Mike Joyce withdraws from Quinn appointment
Kristen McQueary firstname.lastname@example.org | (708) 633-5972 March 9, 2011 7:46PM
Tom Zbikowski, shown in a March 2007 exhibition bout, is scheduled to fight for the second time as a professional Saturday, March 12, 2011, on the undercard of Miguel Cotto's title defense at the MGM Grand in Las Vegas. | AP file photo
Updated: January 23, 2012 1:59AM
A Southland coach prepped for an appointment to Gov. Pat Quinn’s administration withdrew his application, citing pay concerns.
Mike “Pickle” Joyce, of Chicago’s Morgan Park community, said outside-income restrictions placed on board members persuaded him to withdraw his resume from consideration for the Illinois Labor Relations Board.
But Joyce also admitted he sought professional help following a June 2009 binge drinking incident that gave the Quinn administration pause as well.
Joyce, who for years has coached boxing at Leo Catholic High School and campaigned for Quinn, was in line to receive a $93,926 position mediating labor disputes for municipalities and other governmental bodies. The board is one of few coveted oversight panels in Illinois that pays its board members.
But the salary comes with restrictions, thanks to ethics law changes brought about after corruption allegations in Rod Blagojevich’s administration. Paid board members are not allowed to collect outside income while serving.
Joyce cited that restriction as the reason he decided against the new job. He is representing Tom Zbikowski, an Arlington Heights native and Baltimore Ravens football player, who is scheduled to box Saturday in Las Vegas as part of a showcase match.
Labor strife in the National Football League is nudging a handful of professional football players to consider boxing careers, and Zbikowski is one of them.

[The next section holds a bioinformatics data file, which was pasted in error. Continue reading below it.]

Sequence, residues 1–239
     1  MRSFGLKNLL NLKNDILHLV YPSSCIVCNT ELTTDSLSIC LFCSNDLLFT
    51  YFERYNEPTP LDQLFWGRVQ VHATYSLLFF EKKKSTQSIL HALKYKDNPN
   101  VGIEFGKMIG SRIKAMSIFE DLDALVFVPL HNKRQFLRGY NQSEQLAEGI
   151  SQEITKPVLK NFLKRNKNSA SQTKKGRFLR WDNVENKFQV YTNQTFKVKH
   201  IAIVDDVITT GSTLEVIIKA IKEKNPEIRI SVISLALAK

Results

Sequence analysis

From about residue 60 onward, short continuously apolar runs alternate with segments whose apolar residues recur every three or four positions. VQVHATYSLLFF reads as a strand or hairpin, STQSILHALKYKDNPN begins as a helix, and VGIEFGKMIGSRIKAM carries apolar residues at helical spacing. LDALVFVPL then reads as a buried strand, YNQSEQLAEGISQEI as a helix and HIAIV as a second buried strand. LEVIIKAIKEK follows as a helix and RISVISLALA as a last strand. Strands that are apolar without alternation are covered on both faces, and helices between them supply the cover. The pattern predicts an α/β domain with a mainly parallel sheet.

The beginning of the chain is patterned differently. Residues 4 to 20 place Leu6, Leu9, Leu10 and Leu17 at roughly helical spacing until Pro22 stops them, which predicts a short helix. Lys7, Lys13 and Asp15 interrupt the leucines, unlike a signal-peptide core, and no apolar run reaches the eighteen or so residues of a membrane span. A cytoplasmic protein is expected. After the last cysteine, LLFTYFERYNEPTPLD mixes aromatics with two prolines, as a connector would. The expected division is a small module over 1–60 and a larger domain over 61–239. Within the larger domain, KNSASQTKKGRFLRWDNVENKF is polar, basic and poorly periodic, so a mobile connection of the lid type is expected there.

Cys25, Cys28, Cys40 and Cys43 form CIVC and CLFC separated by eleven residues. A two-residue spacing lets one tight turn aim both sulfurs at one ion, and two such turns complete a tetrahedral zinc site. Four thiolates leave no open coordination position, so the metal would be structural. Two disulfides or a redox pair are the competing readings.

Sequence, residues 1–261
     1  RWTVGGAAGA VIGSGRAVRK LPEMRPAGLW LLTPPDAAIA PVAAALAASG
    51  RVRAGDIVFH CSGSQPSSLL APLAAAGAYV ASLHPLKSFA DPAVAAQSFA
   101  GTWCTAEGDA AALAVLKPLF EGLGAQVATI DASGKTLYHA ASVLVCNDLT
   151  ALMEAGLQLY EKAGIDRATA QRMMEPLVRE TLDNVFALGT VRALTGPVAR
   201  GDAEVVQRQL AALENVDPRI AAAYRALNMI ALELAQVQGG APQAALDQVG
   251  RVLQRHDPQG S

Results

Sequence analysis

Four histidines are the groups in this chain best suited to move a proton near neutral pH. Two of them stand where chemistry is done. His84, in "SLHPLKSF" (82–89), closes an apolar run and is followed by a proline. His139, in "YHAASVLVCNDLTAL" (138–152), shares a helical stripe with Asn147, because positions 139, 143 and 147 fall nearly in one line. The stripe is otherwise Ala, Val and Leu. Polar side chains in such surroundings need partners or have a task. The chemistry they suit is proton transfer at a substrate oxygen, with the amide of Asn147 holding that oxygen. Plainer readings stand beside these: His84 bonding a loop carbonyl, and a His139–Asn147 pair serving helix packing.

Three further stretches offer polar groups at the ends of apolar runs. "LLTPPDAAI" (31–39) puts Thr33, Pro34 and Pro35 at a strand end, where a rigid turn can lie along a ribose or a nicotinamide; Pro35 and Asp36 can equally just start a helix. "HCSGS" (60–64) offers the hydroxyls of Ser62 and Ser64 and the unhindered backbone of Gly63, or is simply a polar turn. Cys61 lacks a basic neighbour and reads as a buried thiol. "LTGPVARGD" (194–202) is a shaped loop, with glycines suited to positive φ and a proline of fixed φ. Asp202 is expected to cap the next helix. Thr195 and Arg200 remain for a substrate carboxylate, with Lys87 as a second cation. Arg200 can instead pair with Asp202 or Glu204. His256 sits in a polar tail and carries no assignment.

“(The Quinn administration) did not ask me to step down,” Joyce, an attorney and former boxer, said Wednesday. “I’ve been with Zbikowski since he was 9 years old. This opportunity just presented itself.”
But Joyce also didn’t discount the impact of a recent news report claiming he grew belligerent during a 2009 lunch at Gibson’s Steakhouse in Rosemont. Joyce was cited with disorderly conduct but was not charged. The restaurant manager failed to appear in court.
The police report indicates Joyce was drunk and picked fights with other patrons. A manager asked him to leave, at which time he spit on the floor. The report says he was uncooperative at the police station and referred to an officer by the “n” word.
Joyce also reportedly questioned why he was handcuffed to a bench at the station because, “I’m not an ‘n,’” according to the report.
Joyce admitted he had too many Manhattans, a drink he had not tried before. When I asked him about it, Joyce told me, privately, he sought professional help afterward dealing with binge drinking.
He decided to go public with the information because alcohol abuse and professional intervention is “not something I should be ashamed of, even though I am. I found out what my triggers were and how to deal with it, and I’ve been sober every day since then.”
He denied using the “n” word, pointing out he is intertwined in the black community through his boxing coaching. For years, he has mentored black athletes from Leo Catholic High School.
Last summer, he married one of Muhammad Ali’s daughters.
Joyce, 43, has long been known as a wild card. The son of former state Sen. Jeremiah Joyce, who is a confidante of Mayor Richard Daley, and the brother of former state Rep. Kevin Joyce, Mike Joyce — known as “Pickle” — often is a behind-the-scenes player in political campaigns. He is known for his unpredictable behavior, something he hopes is in his past.
He and Worth Township committeeman John O’Sullivan campaigned for Quinn throughout 2010.
Quinn sent Joyce’s nomination to the Illinois Senate for confirmation in early February. It stalled in the Senate’s executive appointments committee, however, and Joyce withdrew his name last week.
He was supposed to start the new job Feb. 14 and serve until 2013.
As of Wednesday, Quinn had not formally nominated anyone to replace Joyce.
For his sake, let’s hope the next nominee comes with a little less baggage.